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FDA panel gives nod to adding folic acid to OC
A pill designed to prevent unintended pregnancy and birth defects is moving closer to commercial reality following a Food and Drug Administration (FDA) advisory committee’s unanimous vote to back such a combination product.
The agency’s Reproductive Health Drugs Advisory Committee concluded at its Dec. 15, 2003, meeting that the proposed product, under development by Ortho-McNeil Pharmaceutical of Raritan, NJ, would be an appropriate way to prevent neural tube defects (NTDs) in infants born to women who accidentally become pregnant while taking oral contraceptives (OCs) or become pregnant shortly after stopping pill use.
Despite a unanimous vote on the concept of the product, some panel members called for dose ranging studies to determine the proper dose for NTD prevention, which led to an 11-7 vote that there are no significant safety issues concerning use of the dose of folic acid in combination with the Pill.
Ortho-McNeil now awaits a meeting with the FDA’s Division of Urologic and Reproductive Drug Products to determine its next step, says Andrew Friedman, MD, the company’s director of women’s health research. Any studies that will be done in regard to dosing will be discussed with the FDA, says Friedman. The company will know more about what studies are necessary following its consultation with the agency, he states.
Why a combined pill?
The Washington, DC-based Institute of Medicine and U.S. Public Health Service now recommend that every woman capable of becoming pregnant consume 400 mcg synthetic folic acid daily in addition to a diet rich in natural folates.1 Despite a grain fortification program, which began in 1998, as well as a public awareness campaign on vitamin supplementation, just 20% of women participating in a 2002 March of Dimes survey knew that folic acid could prevent certain birth defects. The proportion who stated that they took a vitamin supplement containing folic acid daily increased from 25% in 1995 to only 31% in 2002.2.
Despite the high efficacy of OCs, approximately 1 million women per year become pregnant while using the Pill; half of these unintended pregnancies are continued to term, says Felicia Stewart, MD, adjunct professor in the department of obstetrics, gynecology, and reproductive sciences at the University of California San Francisco and co-director of the Center for Reproductive Health Research & Policy, also in San Francisco. Stewart testified at the FDA committee meeting on behalf of the Washington, DC-based Association of Reproductive Health Professionals.
Because NTDs develop very early in pregnancy (18-30 days after conception), often before a pregnancy is recognized, it is essential that intake of folic acid be established in advance, she notes.
"An oral contraceptive supplemented with folic acid offers a convenient and effective means of providing protection against NTDs for unintended pregnancies or other pregnancies for which advance folic acid intake may not have been adequate," she explains.
Since women do not plan to become pregnant while taking OCs, many of them are not motivated to take 400 mcg folic acid daily to prevent NTDs in their offspring, says Susan Wysocki, RNC, NP, president and chief executive officer of the Washington, DC-based National Association of Nurse Practitioners in Women’s Health. In addition, these women often have a delay in the diagnosis of pregnancy and would not be seen or counseled by their health care professional until well after the time when the neural tube has closed, she notes.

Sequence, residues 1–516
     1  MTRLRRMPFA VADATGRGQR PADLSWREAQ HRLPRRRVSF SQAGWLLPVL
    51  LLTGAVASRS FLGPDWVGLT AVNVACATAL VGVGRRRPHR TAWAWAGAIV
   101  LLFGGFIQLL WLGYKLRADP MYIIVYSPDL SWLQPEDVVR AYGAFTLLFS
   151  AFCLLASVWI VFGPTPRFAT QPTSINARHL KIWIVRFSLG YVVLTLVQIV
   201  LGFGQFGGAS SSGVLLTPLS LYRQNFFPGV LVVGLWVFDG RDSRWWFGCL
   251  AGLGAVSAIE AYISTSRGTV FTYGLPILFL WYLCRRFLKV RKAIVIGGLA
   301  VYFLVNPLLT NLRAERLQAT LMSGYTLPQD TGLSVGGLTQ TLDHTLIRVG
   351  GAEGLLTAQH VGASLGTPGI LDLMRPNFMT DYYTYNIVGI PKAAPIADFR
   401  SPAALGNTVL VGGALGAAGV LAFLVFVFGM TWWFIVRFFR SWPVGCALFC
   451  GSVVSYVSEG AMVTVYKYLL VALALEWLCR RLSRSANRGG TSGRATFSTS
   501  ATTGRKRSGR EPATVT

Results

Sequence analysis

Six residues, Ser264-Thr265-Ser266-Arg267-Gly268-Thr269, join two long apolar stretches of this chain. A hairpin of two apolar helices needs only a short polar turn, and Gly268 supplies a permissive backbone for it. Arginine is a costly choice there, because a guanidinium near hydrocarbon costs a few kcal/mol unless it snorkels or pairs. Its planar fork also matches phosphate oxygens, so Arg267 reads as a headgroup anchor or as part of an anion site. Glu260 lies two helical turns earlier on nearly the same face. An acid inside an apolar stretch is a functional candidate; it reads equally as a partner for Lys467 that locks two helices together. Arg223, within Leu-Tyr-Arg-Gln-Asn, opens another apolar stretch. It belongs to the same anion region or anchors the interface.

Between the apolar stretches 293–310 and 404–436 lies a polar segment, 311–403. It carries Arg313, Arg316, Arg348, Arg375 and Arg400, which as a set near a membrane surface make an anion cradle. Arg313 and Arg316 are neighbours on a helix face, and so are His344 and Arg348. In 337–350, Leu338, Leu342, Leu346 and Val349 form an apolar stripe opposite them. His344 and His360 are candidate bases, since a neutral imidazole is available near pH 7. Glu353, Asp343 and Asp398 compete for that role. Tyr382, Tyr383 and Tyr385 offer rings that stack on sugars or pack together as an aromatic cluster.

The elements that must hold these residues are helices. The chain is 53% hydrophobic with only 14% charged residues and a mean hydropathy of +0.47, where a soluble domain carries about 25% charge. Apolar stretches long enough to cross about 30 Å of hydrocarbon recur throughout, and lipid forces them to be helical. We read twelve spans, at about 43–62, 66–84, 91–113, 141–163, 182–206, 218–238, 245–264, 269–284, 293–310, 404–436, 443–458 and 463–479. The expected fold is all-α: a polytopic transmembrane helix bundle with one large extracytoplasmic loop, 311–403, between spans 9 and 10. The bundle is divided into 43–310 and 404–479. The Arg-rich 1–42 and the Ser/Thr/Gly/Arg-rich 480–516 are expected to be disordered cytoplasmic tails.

"Providing the Public Health Service-recommended 400 mcg daily dose of folic acid to these women via a passive method — i.e., women taking OCs that contained folic acid to prevent pregnancy — would be guaranteed to provide 400 mcg daily to women without changing prescription-writing or pill-taking behavior," states Wysocki, who also testified at the FDA committee meeting. "Chronic use of a combination OC/folic acid product would increase body folate stores and could prevent NTDs in unplanned pregnancies that occur while taking OCs and in pregnancies that occur within several months after discontinuing OCs."
Is it safe to use?
Questions were raised at the committee hearing as to potential disadvantages of a combination product. High doses of folic acid can mask a vitamin B deficiency; however, this deficiency occurs most often in older women and not among women of reproductive age, states Wysocki.
Introduction of a combination product will create a new opportunity for providers and women to consider preconception health recommendations, says Stewart.
"By bringing attention to the importance of folic acid, the combination product will remind the clinician to counsel women about other recommendations — about diet, and avoidance of harmful substances such as alcohol and tobacco — that can help contribute to a healthy pregnancy," she notes.
1. Institute of Medicine. Dietary Reference Intakes for Thiamin, Riboflavin, Niacin, Vitamin B6, Folate, Vitamin B12, Pantothenic Acid, Biotin, and Choline. Washington, DC; 2000.
2. March of Dimes Birth Defects Foundation. Folic acid and the prevention of birth defects: A national survey of pre-pregnancy awareness and behavior among women of childbearing age, 1995-2002. Conducted by the Gallup Organization. White Plains, NY: March of Dimes Foundation; May 2002. Publication No. 31-1677-02.